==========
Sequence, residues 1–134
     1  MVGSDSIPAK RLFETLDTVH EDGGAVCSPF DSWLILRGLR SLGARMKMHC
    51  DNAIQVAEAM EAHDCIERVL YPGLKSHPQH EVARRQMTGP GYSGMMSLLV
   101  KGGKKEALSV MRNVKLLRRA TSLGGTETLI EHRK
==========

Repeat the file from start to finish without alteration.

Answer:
Sequence, residues 1–134
     1  MVGSDSIPAK RLFETLDTVH EDGGAVCSPF DSWLILRGLR SLGARMKMHC
    51  DNAIQVAEAM EAHDCIERVL YPGLKSHPQH EVARRQMTGP GYSGMMSLLV
   101  KGGKKEALSV MRNVKLLRRA TSLGGTETLI EHRK